Dear Amy: My parents have taken in my 95-year-old grandfather. Money is not a problem, so he could have gone into a nursing home or into assisted living. My grandfather has six other kids, and no one else wanted him to live with them.
I feel as if I have lost my parents until my grandfather passes. I'll invite them to come to their grandchild's "grandparent day" at school, and it's, "No, we can't leave Dad alone," or, "Oh, we can't make it to the twins' birthday party, because we can't leave Dad."
I live almost two hours away, and my grandfather won't go anyplace other than the doctor or church. No other family member is available or trustworthy enough to watch him.
Amy, this could go on for years!
I was never close to him. He is difficult to get along with and could not tell you one thing about me as a child, because he (and my grandmother, who died years ago) didn't take an interest in most of their grandchildren. Fortunately, my other grandparents were total rock stars, so I was not deprived.
Every time I talk to my mother now, it's all about my grandfather. I DON'T CARE!
Short of cutting off ties with my parents, what am I supposed to do?
I expressed all my opposition to this before he moved in. I said that it was a bad idea. I was not listened to.
I do still try to visit them once a month, but it's hard. I work full time and have to do things like take care of my kids' laundry and buy groceries.
My folks used to travel to see us once or twice a month — sometimes more often.
I miss my parents, and my kids miss their grandparents!
Want Them Back
Want Them Back: As much as I would like to answer your letter by saying, “I DON’T CARE!,” I won’t do that, because I have a shred of compassion toward you. And you should have a shred of compassion toward your parents. It is hard to imagine that these people you are so desperate to spend time with raised such a selfish, self-centered person.
For the next phase of their lives, your folks are going to be wrapped up in this hard thing they are doing. Your mother is going to be at least as concerned about your grandfather as you are about your kids’ laundry. So, yes, for now her life will be all about him. Deal with it.
You should suck it up and find ways to support your parents during this challenging time. If you want to see them, take the kids to visit. It would probably be good for your children to witness some multigenerational loving kindness.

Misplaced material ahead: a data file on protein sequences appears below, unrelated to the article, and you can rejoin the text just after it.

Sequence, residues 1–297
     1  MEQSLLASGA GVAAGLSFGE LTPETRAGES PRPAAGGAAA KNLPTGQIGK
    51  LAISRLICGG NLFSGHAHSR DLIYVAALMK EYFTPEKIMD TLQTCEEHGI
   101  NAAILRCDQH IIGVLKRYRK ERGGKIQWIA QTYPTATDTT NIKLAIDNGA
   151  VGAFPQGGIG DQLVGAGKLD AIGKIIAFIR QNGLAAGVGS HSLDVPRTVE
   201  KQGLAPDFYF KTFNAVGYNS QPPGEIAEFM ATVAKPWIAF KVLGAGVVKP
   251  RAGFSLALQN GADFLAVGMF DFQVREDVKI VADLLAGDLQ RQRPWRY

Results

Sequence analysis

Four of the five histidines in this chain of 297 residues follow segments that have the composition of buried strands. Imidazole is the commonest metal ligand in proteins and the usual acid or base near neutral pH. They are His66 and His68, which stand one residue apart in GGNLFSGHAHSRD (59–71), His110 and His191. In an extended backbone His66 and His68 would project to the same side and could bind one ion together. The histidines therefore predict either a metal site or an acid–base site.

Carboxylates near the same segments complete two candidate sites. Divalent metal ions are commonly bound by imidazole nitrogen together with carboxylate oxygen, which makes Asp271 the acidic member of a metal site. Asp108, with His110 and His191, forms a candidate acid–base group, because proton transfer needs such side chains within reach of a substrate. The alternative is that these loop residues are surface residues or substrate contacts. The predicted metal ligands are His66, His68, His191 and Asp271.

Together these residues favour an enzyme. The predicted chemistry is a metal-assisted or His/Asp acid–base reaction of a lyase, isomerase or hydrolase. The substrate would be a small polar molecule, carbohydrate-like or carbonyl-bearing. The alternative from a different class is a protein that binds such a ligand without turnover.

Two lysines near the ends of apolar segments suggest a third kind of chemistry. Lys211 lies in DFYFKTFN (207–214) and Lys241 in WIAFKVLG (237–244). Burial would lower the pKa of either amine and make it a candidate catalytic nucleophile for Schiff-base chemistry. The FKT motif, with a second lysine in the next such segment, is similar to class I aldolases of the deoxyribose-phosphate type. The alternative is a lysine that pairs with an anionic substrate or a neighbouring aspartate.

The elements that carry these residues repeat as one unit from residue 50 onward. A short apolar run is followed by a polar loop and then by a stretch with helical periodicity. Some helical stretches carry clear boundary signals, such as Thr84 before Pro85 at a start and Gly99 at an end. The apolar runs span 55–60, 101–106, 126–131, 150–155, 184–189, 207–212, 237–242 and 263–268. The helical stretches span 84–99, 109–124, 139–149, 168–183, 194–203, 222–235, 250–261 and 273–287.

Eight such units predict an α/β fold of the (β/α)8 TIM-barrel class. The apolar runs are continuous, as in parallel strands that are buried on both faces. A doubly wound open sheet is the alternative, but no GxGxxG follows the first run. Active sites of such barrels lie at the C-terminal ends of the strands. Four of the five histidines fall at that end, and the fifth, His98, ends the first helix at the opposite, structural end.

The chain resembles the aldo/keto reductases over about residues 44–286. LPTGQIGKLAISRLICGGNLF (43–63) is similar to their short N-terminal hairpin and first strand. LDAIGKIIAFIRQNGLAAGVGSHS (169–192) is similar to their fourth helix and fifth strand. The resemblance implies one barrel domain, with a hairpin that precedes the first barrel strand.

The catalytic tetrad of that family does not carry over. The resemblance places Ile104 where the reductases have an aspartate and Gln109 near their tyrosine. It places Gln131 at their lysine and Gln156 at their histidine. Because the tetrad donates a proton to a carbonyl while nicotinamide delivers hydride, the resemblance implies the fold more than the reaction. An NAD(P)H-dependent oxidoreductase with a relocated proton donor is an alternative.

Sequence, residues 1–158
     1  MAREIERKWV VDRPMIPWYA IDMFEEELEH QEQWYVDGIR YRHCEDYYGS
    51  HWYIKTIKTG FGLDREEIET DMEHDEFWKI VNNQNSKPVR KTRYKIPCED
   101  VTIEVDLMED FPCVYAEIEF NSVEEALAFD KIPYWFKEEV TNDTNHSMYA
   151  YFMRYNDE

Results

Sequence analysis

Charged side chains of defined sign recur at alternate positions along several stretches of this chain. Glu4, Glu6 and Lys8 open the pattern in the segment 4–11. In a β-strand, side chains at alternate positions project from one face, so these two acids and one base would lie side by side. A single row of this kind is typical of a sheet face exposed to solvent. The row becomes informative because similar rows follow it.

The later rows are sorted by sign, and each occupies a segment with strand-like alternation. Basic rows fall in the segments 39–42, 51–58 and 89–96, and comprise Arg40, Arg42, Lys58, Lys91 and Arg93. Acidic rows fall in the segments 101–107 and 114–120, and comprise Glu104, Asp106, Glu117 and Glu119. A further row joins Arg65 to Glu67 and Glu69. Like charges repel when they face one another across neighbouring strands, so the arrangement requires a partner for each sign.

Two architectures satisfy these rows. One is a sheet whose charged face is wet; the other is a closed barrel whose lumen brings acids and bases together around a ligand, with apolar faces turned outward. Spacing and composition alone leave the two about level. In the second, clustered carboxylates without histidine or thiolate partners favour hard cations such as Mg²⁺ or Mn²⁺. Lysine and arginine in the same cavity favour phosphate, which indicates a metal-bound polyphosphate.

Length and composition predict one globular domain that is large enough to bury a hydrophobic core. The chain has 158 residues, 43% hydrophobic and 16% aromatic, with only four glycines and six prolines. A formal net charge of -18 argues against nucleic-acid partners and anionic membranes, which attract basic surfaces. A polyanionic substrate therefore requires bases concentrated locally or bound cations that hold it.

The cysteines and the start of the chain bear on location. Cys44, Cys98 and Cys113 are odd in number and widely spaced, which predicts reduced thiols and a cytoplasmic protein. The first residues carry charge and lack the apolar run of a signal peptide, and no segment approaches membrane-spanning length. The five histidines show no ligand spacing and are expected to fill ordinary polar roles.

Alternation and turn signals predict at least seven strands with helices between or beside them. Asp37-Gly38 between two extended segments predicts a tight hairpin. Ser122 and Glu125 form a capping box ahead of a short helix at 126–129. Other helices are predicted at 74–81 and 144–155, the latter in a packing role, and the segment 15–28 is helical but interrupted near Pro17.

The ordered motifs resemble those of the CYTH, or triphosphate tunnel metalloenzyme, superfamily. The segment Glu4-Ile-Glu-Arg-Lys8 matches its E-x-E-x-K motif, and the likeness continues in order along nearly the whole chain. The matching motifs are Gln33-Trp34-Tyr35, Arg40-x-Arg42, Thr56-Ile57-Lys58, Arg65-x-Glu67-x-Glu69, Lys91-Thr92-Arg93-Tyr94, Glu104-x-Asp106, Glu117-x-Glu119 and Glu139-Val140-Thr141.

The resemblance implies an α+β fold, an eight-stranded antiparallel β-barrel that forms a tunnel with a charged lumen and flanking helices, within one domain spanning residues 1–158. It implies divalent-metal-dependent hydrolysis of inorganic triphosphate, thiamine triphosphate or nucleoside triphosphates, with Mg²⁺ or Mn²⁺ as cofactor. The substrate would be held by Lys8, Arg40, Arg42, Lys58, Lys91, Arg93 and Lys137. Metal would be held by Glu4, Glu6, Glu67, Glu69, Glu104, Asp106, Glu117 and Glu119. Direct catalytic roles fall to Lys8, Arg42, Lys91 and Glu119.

Dear Amy: I need advice on how to help my sister, "Betsy." Betsy was married for eight years to a guy who lied, took drugs and was verbally abusive.
Thank goodness, they got divorced two years ago.
Since then she has tried flirting with some guys at her work, only to be shot down. Basically, they only like her as a friend.
She briefly tried online dating, again without much success. She talked to a couple of guys (at different times) who said they would like to get to know her better, but they ghosted her after she suggested meeting in person.
This has led to loneliness and self-pity. She says she wishes she was numb so she doesn't have to feel the heartache.
Amy, she is a sweetheart. She is smart and very caring. How can I help her out of this downward spiral?
Worried Sister: Rather than focusing too intensively on your sister’s dating problems, you should encourage her to work on some social and friendship skills, in order for her to become more self-actualized. Professional counseling or coaching will help. When she feels better and more in control, she’ll have an easier time coping with her meeting and dating challenges.
And dating is a challenge for everyone. Your sister will need both confidence and patience.
Dear Amy: "The Invisible Wife" was lonely because her husband concentrated more on his laptop and his phone than on her.
I was at a restaurant the other night and the next table had a party of four (a family) who did not exchange one word with one another. They stared at their phones the entire time.
Discouraged: Our addiction to technology is affecting relationships. We all need to be more intentional.